With banks performing a key role in financing households and businesses, it is crucial that they are sufficiently resilient to play their part – both in good times and in bad. The financial stress caused by the coronavirus (COVID-19) pandemic has further underlined the need for banks to identify and effectively manage their risks to ensure they have sufficient capital to absorb losses and steer their business models through periods of adversity. Pivotal to this is the internal capital adequacy assessment process (ICAAP), which helps banks to make well-founded business and risk management decisions and maintain an adequate capital position.
ECB Banking Supervision has taken several actions to support banks in developing the ICAAP as a valuable management resource. In 2018 it published the ECB Guide to the internal capital adequacy assessment process to provide transparency on the ECB’s expectations regarding banks’ ICAAPs. More recently, the ECB carried out an analysis of banks’ ICAAP practices, looking at where the sampled banks stood in relation to its expectations. The findings from this analysis have now been published in the ECB Report on banks’ ICAAP practices. ECB Banking Supervision acknowledges that banks have made considerable effort and significantly improved their ICAAPs in recent years. There is, however, more to be done.
While the analysis revealed several relatively underdeveloped ICAAP areas, which all deserve attention, there are three main areas for further improvement. First, many banks face material data quality issues, which could stand in the way of them making well-informed decisions based on quickly retrievable and reliable data, thereby hampering the quality and effectiveness of their ICAAPs.
Second, many banks show significant room for improvement with regard to the economic internal ICAAP perspective – a perspective which is based on bank-internal, economic value-based considerations of capital and risks, rather than building on accounting or regulatory provisions. Failure to properly identify and quantify all material economic risks may hinder banks’ ability to manage their economic capital adequacy and could therefore weaken their financial resilience. That, in turn, could threaten banks’ continuity, as a deterioration in their economic value may erode the trust that market participants and depositors place in them, even if their regulatory capital ratios remain at solid levels. Aspects of the economic perspective that need to be improved include determining internal capital, quantifying economic risks and taking the economic perspective into account in decision-making. The ECB recognises that banks may struggle with the concept of the economic perspective and will continue to support them in this area.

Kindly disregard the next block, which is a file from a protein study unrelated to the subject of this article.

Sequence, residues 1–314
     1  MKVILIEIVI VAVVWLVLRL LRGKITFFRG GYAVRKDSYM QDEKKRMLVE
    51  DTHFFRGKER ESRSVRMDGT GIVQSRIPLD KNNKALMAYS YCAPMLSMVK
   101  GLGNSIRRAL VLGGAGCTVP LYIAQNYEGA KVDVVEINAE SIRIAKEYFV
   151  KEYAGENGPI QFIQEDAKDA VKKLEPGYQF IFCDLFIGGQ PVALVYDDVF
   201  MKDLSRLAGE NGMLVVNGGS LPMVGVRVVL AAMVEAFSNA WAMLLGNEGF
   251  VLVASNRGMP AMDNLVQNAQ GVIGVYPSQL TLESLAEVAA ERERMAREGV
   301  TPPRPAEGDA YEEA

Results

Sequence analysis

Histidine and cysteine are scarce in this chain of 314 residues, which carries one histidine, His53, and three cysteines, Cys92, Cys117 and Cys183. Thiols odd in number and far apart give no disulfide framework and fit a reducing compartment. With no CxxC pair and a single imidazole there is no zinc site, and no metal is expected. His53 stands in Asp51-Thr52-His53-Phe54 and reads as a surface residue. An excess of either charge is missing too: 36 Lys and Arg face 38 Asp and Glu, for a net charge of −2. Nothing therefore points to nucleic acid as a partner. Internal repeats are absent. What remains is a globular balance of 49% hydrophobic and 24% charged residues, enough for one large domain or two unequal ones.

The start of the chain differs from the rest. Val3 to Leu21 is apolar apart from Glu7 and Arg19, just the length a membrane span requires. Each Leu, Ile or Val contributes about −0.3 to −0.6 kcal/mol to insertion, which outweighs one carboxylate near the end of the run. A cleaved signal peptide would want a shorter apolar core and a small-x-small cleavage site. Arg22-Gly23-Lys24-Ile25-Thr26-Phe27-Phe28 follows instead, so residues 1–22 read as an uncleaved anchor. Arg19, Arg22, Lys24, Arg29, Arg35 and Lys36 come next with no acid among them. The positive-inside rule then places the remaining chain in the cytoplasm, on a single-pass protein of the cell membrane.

The third key area of concern is that stress testing has yet to become an effective, integral component of banks’ risk management practices. The current pandemic has once more underlined that banks are exposed to a wide range of threats that may materialise unexpectedly. However, many banks do not systematically monitor their environment to identify new threats early enough. Stress testing is often considered a regular annual exercise rather than a powerful risk management tool that would enable them to respond quickly when needed.
Regarding the progress that banks have made in improving their ICAAPs, the report provides examples of good practices observed by the ECB and identifies a number of ICAAP areas in which practices have been broadly established across banks. For instance, banks have regular risk identification processes in place, produce capital adequacy statements and conduct stress tests. In addition, they prepare forward‑looking, multi-year capital plans that include baseline and adverse scenarios under the normative internal ICAAP perspective. Under this perspective, banks assess their ability to fulfil regulatory capital requirements and to cope with other external financial constraints on an ongoing basis over the medium term.
The ECB finalised its conclusions without reference to a particular operating environment and before the COVID-19 pandemic hit Europe. It believes that good ICAAP practices are as relevant in times of severe stress as they are in normal times. The ECB therefore strongly encourages banks to embrace the report’s findings and conclusions and to enhance their ICAAP practices. Good ICAAPs are key to effective risk management, sustainable financial soundness and – ultimately – long-term prosperity. That is why the implementation of sound ICAAP practices in Europe will continue to be one of the ECB’s top supervisory priorities.